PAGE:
Don't look to Washington for peace in Israel-Palestine
Nowhere is this feeling stronger than amongst the Ramallah-based Palestinian leadership, led by President Mahmoud Abbas, which has been hammered by a plethora of American policy changes over the past four years.
Having weathered a hostile political climate, Palestinian strategy will now pivot towards engaging with a more friendly American administration with a view to rolling back Trump policy and relaunching peace negotiations with Israel under more favourable terms – in essence a return to where things left off at the end of 2016. While the mood music coming from Washington DC will undoubtedly change for the better under Biden, Palestinians would do well to curb their expectations.
The Israeli-Palestinian conflict has been a key focus of the Trump administration, which has worked with uncharacteristic competence and coherence to reshape realities in line with its own ideological commitment to the 'Greater Israel' agenda championed by Israel's right-wing for decades.
|While the mood music coming from Washington DC will undoubtedly change for the better under Biden, Palestinians would do well to curb their expectations|
This has led to US recognition of Israeli sovereignty over Jerusalem (in addition to the Syrian Golan Heights), the transfer of its embassy to the city, de facto recognition of Israeli claims over the West Bank, the halting of millions of dollars in aid to Palestinians, and shutting the PLO mission (Palestine's de facto embassy) in Washington.
On top of this, the Trump administration promoted a 'peace plan' that would have done little more than formalise a reality of modern-day apartheid for Palestinians. While this has been stymied by broad-based international opposition, the Trump team has been far more successful in advancing a series of new normalisation agreements between Israel, the UAE, Bahrain, and Sudan.
|Read more: As Arab countries edge towards Israel, what's
next for the Palestinian national movement?
Others may follow before Trump leaves office in January. This has further weakened Palestinian negotiating positions and hobbled the Arab Peace Initiative, which had conditioned regional integration on an Israeli-Palestinian peace agreement.
By contrast, President-elect Biden is likely to de-prioritise the Palestinian issue. Firstly, his attention will mostly be taken up by the numerous domestic challenges that await him. To the extent that his gaze does turn to foreign policy and the Middle East, the main focus will be on Iran and reviving the JCPOA nuclear deal.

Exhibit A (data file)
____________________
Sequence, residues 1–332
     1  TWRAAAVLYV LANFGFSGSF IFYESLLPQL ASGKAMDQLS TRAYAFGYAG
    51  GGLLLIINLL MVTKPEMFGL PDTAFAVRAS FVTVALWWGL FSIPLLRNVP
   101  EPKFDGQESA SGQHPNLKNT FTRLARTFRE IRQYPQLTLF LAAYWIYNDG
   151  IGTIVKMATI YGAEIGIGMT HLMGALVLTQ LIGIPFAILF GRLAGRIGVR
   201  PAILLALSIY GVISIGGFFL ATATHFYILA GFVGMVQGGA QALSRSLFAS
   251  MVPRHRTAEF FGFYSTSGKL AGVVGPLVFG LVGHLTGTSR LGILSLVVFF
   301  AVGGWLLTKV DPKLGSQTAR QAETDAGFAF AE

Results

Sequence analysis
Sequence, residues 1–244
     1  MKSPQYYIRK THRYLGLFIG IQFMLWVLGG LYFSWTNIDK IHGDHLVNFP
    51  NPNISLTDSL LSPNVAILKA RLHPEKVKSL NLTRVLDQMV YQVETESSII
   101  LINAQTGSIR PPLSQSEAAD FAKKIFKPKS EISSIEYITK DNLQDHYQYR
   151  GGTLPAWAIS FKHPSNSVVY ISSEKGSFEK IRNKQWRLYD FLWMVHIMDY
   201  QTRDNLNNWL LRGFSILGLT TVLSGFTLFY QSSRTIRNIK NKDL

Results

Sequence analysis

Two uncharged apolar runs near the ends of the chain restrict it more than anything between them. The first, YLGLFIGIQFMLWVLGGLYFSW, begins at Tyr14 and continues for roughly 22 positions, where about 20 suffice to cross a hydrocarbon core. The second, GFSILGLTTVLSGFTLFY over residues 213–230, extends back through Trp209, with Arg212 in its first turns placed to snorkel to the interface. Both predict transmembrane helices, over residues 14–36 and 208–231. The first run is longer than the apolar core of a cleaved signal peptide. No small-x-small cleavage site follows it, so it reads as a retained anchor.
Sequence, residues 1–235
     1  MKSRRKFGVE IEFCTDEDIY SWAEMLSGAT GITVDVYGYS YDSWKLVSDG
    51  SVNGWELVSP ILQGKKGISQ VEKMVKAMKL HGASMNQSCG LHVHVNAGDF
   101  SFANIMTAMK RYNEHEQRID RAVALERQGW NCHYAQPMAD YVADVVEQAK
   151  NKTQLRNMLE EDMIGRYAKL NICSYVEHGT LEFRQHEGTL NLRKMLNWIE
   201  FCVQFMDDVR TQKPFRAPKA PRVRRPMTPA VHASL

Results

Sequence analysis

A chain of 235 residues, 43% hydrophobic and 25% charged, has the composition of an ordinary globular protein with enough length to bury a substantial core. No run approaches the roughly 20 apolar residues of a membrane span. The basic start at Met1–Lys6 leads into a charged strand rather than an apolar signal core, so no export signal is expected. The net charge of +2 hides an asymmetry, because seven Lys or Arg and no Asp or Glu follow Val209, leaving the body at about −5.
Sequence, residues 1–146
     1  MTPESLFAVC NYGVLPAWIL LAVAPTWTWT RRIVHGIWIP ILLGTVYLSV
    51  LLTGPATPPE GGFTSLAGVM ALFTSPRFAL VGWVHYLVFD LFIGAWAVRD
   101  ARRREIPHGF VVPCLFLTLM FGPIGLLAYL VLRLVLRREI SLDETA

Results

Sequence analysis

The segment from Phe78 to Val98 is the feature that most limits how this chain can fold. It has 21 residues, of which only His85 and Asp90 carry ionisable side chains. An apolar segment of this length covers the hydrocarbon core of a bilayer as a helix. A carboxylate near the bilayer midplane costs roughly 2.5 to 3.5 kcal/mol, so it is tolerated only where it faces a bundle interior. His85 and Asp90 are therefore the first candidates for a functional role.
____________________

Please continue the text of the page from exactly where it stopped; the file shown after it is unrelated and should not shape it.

Given the significant amount of political capital that he will need to invest in this, and the friction that this will create with Israel and Prime Minister Benjamin Netanyahu (who previously sought to enlist the Republican Party and the US Congress in his campaign against Obama on the same issue), he will likely not be keen to simultaneously open up a second political battlefront.
President-elect Biden may be able to roll back some of the damage done over the past four years, yet he is unlikely to fully return to the state of play that existed under his former boss, President Barak Obama.
|Absent a deeper US strategic rethink, even a well-meaning Biden administration is unlikely to fundamentally alter the negative trajectory on the ground nor unlock significant progress towards Palestinian independence|
There is every reason to expect a return to more traditional US policies, renewing support for its traditional vision of two states while nominally opposing the expansion of illegal settlements in the West Bank and East Jerusalem – which the Trump administration has turned a blind eye to, and at times even encouraged. Biden will no doubt also support renewing US funding and re-opening the PLO mission.
In both regards though he will likely run up against Congressional legislation that will be difficult to work around, regardless of who controls the Senate. He is however unlikely to move the US embassy back to Tel Aviv – another key Palestinian demand – nor roll-back US recognition of Israeli sovereignty over Jerusalem and the Golan Heights. And while the next White House may not be as loud as its predecessor in championing Israeli-Arab normalisation, it has already made clear that it will continue to support this process.